This advert for Johnson & Johnson’s flexible Band-Aid’s (I’m just going to say plasters) uses Marvel’s fictional character, The Incredible Hulk, as its hand model.
Why have they used the Hulk? This ad is an example of the Extreme Situation Template in advertising (Goldenberg, Mazursky & Solomon, 1999), where consumer’s attention is grabbed by deliberately highlighting the key attributes of a product, which, in this case, is how flexible the plasters are. They’re so flexible that they can withstand the expansion in the size of the Hulk’s fingers when he transforms from human to superhero. It’s obviously an unrealistic situation as no-one is capable of turning into the Hulk.
The High Status Admirer Altercast is being employed here. The Hulk is a fictional celebrity (Genter, 2007; Jain, 2011). He’s not real, but we all know and understand the basic concept that when he gets angry he transforms from a human into a giant green monster. Therefore, as he is publicly known, he counts as a fictional celebrity. Pughazhendi, Thirunavukkarasu & Susendiran (2011) report that consumer’s attitude towards a product is heavily influenced by the endorsement of a celebrity, and celebrities can be used to both gain attention and maintain sales (Tom et al., 1999).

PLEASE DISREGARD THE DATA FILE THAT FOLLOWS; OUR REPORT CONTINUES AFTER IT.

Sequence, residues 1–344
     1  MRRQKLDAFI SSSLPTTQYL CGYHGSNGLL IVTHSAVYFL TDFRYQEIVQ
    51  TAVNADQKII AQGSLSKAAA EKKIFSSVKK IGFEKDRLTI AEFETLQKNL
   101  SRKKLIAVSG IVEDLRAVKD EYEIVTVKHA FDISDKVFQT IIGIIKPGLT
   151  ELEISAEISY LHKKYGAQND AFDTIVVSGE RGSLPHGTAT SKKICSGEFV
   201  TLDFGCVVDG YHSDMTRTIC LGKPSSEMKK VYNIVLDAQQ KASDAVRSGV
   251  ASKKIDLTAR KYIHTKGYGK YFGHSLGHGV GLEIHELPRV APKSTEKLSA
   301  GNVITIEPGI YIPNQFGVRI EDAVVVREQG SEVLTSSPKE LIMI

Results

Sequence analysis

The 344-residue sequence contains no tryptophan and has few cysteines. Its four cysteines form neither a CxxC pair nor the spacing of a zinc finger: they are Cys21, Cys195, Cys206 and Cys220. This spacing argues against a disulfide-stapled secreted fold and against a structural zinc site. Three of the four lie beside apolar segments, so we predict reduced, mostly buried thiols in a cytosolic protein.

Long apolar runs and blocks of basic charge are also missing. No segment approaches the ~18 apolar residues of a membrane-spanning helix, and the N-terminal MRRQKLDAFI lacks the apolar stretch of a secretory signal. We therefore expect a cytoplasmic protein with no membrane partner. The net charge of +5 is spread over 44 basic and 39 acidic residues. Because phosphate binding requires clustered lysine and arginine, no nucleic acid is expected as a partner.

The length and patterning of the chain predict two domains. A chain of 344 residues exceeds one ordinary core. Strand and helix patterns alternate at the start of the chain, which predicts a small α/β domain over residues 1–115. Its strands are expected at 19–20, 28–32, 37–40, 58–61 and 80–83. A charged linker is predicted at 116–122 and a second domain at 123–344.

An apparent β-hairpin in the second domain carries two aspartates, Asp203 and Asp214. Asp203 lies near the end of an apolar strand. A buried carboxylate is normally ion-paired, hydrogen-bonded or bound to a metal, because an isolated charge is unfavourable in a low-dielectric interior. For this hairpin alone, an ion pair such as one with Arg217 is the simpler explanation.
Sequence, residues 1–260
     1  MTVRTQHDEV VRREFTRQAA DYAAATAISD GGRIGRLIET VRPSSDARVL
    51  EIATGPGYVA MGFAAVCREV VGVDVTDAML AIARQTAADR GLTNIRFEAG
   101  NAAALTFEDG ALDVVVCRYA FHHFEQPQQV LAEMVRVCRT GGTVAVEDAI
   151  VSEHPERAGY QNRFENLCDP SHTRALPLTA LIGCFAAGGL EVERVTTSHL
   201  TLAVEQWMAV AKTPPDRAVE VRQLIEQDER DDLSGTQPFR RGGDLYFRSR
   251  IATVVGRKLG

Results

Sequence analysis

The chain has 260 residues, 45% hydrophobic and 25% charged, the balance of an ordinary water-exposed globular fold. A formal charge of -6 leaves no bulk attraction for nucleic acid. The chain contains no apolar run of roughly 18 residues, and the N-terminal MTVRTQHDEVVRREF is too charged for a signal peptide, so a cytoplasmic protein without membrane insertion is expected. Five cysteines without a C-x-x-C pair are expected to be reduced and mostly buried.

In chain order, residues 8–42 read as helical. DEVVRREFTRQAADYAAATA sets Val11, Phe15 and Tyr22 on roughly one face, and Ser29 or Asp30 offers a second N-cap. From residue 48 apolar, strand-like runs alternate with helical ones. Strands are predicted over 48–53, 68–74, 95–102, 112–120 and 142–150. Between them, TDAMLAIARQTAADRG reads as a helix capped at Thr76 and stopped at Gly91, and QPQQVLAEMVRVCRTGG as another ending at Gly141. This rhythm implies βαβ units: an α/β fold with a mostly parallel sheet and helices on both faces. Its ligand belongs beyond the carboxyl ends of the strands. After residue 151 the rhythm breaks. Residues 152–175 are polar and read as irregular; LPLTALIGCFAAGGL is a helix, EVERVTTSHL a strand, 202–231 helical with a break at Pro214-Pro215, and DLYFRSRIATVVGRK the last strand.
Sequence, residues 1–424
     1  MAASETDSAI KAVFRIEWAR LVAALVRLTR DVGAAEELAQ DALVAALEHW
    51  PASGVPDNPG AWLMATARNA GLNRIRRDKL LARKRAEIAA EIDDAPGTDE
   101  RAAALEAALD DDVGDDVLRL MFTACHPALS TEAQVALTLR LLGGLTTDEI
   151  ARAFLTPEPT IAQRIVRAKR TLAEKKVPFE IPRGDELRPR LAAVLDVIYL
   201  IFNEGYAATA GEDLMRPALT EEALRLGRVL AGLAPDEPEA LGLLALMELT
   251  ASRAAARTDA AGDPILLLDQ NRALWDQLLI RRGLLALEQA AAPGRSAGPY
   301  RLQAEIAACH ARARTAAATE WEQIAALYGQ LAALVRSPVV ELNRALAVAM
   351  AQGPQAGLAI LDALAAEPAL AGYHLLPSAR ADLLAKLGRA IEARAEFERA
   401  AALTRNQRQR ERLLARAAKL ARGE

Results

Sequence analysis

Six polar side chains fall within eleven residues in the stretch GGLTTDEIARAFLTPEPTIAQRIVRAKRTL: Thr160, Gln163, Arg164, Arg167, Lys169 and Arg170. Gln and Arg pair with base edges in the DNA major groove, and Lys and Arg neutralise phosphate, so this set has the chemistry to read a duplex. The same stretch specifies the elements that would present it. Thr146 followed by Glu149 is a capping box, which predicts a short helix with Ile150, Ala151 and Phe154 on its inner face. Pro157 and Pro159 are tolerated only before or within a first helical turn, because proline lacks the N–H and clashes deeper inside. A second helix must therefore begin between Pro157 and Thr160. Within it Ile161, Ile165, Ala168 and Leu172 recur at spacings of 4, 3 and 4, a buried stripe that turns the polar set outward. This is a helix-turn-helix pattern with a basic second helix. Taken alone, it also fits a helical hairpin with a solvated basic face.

The persuasive tactic of social modeling is also being employed, with the Hulk as our source of social proof. Having observed that the Hulk would use Johnson & Johnson’s flexible plasters (if he were real, or ever needed them - which he shouldn’t as he’s supposed to be resistant to injury), we are more likely to buy them as we imitate our models, especially when they are of a high social status, such as being a celebrity (Pratkanis, 2007).
So, having used social modeling and the admirer altercast to try and persuade us to buy the product, is it effective? I believe it is. I quite want the plasters just because I the advert made me giggle. Perhaps the plasters are made of the same material as the Hulk’s trousers, which seem to be very flexible and resilient.
Genter, R. (2007). “With great power comes great responsibility”: Cold war culture and the birth of Marvel comics. The Journal of Popular Culture, 40, 953-978.
Goldenberg, J., Mazursky, D., & Solomon, S. (1999). The fundamental templates of quality ads. Marketing Science, 18, 333-351.
Jain, V. (2011). Celebrity endorsement and it’s impact on sales: A research analysis carried out in India. Global Journal of Management And Business Research, 11, 69-84.
Pratkanis, A. R. (2007). Social influence analysis: An index of tactics. The science of social influence: Advances and future progress, 17-82.
Pughazhendi, A., Thirunavukkarasu, R., & Susendiran, S. (2011) A Study on Celebrity Based Advertisements on the Purchase Attitude of Consumers towards Durable Products in Coimbatore city, Tamil Nadu, India. Far East Journal of Marketing and Management, 1, 16-27.
Tom, G., Clark, R., Elmer, L., Grech, E., Masetti, J., & Sandhar, H. (1992). The use of created versus celebrity spokespersons in advertisements". Journal of Consumer Marketing, 9, 45 – 51.